We are proud to say that our efforts to bring research and innovation closer to the CAP have been very well received. This work provides the tools for agriculture and the food chain to adapt to the challenges ahead. That is why we will continue with this approach, starting with the upcoming Work Programme of Horizon 2020, which will be published later this year.

(Investment – FI)

I have also made it quite clear that modernisation and simplification cannot happen at the speed we desire without a revolution in investment for the sector.

Access to finance – and it has to be the right type of finance – is crucial for making EU agriculture competitive and sustainable.

We need to continue the development of smart, tailored financial instruments to provide support to:

farmers investing in modernisation of agricultural holdings, including livestock production, diversification, processing and marketing;

and young livestock farmers through their investment projects or business start-ups.

This is important, because unlike grants, financial instruments can support working capital linked to the investment – up to 30% of the total eligible costs. This is very relevant for the livestock sector.

We have already made some headway: the Commission proposed, as part of the omnibus proposal, simplifying access to finance for rural entrepreneurs and in particular young farmers, as well as regulation to provide for a sector specific Income Stabilisation Tool.

I also want to highlight the large number of activities such as trainings, conferences, and member state visits which spread information about financial instruments and help to build up capacity in member state administrations.

One great example of a successful FI project is in Italy: close cooperation between national and regional authorities, the Commission, and the EIB/EIF resulted in the Italian guarantee fund under the EAFRD.

I want to acknowledge the efforts taken by the Spanish authorities to complete the national ex-ante assessment analysing the needs for financial instruments.

And I encourage Spain and its regions to analyse the possibilities of setting up financial instruments providing complementary support to grants.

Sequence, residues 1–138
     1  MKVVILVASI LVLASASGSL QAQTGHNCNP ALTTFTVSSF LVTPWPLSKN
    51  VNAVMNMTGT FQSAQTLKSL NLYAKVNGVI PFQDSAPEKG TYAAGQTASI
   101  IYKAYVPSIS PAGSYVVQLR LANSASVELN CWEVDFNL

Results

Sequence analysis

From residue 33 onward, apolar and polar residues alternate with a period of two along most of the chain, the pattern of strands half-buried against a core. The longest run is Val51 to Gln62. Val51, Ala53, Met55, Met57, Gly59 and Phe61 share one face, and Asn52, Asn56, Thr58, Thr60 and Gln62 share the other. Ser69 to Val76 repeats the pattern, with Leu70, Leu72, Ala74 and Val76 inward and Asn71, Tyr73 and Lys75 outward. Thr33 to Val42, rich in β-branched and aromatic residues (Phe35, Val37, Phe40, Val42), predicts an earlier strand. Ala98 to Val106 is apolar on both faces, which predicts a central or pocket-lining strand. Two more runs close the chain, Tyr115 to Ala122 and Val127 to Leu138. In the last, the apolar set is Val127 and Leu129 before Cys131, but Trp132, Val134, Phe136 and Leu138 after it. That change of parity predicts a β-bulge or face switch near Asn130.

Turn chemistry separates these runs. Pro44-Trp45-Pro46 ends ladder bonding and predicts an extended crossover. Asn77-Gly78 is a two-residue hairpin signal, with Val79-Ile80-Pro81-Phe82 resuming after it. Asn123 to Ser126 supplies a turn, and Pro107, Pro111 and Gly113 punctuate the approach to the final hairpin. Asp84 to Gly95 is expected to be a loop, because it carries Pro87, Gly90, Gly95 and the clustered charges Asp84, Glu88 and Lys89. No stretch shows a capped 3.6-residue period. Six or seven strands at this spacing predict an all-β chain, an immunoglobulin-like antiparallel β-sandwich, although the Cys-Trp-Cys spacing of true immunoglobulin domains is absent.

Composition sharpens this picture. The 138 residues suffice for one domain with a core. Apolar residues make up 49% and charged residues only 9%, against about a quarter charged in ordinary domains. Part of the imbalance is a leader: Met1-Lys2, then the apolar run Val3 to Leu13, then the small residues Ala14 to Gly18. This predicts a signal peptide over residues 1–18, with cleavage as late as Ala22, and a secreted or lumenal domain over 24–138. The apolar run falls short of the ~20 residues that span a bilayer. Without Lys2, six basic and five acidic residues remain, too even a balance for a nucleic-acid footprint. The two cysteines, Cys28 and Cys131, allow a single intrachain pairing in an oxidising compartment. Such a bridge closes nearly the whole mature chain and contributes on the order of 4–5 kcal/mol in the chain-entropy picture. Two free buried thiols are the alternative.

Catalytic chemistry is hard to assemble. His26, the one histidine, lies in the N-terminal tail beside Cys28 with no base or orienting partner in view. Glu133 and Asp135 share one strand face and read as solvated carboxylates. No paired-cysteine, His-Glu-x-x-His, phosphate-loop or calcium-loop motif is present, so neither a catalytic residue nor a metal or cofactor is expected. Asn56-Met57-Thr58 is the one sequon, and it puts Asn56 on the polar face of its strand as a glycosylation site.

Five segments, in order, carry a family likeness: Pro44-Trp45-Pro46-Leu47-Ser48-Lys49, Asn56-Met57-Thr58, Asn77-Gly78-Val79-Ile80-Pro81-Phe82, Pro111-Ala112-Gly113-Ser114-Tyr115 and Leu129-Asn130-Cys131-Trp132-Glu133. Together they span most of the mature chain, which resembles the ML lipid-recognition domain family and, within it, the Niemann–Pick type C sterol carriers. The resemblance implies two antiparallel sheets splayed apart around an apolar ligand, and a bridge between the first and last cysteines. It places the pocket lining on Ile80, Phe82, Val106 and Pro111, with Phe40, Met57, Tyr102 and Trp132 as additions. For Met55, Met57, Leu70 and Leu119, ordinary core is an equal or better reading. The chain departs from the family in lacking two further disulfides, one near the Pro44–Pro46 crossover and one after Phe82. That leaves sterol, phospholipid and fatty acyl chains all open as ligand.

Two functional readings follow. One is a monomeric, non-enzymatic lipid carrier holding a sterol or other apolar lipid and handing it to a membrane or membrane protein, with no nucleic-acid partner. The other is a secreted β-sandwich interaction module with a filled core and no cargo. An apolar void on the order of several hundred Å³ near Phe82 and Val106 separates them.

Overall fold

(Brexit)

Finally, let me say a brief word on Brexit. While we await the outcome of the UK election to get a better understanding of the big picture, let me focus on the interests of your sector.

Whatever the outcome of the Brexit negotiations, the UK will become a third country and, thus, will no longer participate in the internal market. Business should take all the necessary steps to prepare for this scenario.

The impact of Brexit in cereal trade is highly dependent on the terms of the withdrawal agreement and the future trade relationship. In general, trade between the UK and the EU could become more expensive if import tariffs were introduced, or as a result of certain non-tariff measures.

However, we must emphasise that agri-food trade with the UK will not cease. The UK is too dependent on trade and is unlikely to embark on a food self-sufficiency policy.

Cereal and oilseed markets are relatively free trading commodities worldwide. Market access is more about price competitiveness, being able to supply the required specification and technical requirements.

The UK and the EU are both net cereal exporters. The UK mainly exports wheat, barley and oats. Over the last 2 years the EU turned into a net cereal importer from the UK.

In 2016 Spain relied on the UK for 14% of its wheat imports and the Netherlands for 8%. The share for other cereals is lower at 5% and 2% relatively.

The EU is a net exporter for wheat (24 million tons in 2016/17), and barley (7 million tons). Therefore the availability of these products on the EU market is abundant. This should assure the livestock sectors in Spain and the Netherlands retain access to the feedstock they need.

At current price levels, Brexit most likely would not have a significant impact on the EU cereals market.

Besides the trade agreement it will be important to keep an eye on regulatory issues and standards that might affect the cereal trade. When these would deviate from EU regulation trade disruptions could occur. I am hopeful that we can secure a good outcome in the Brexit negotiations for all sides, if talks proceed in a thoughtful and constructive manner.

(Conclusion)

In conclusion, ladies and gentlemen, I am honoured to be here with you today. This is a challenging time for your sector, and indeed for the EU agri-food sector as a whole.

But I am confident that if we maintain a close cooperation, and work together with other key stakeholders, we can achieve the necessary modernisation and simplification of the CAP. If we succeed in this goal, we can say with confidence that the best days of EU food production still lie ahead. Thank you.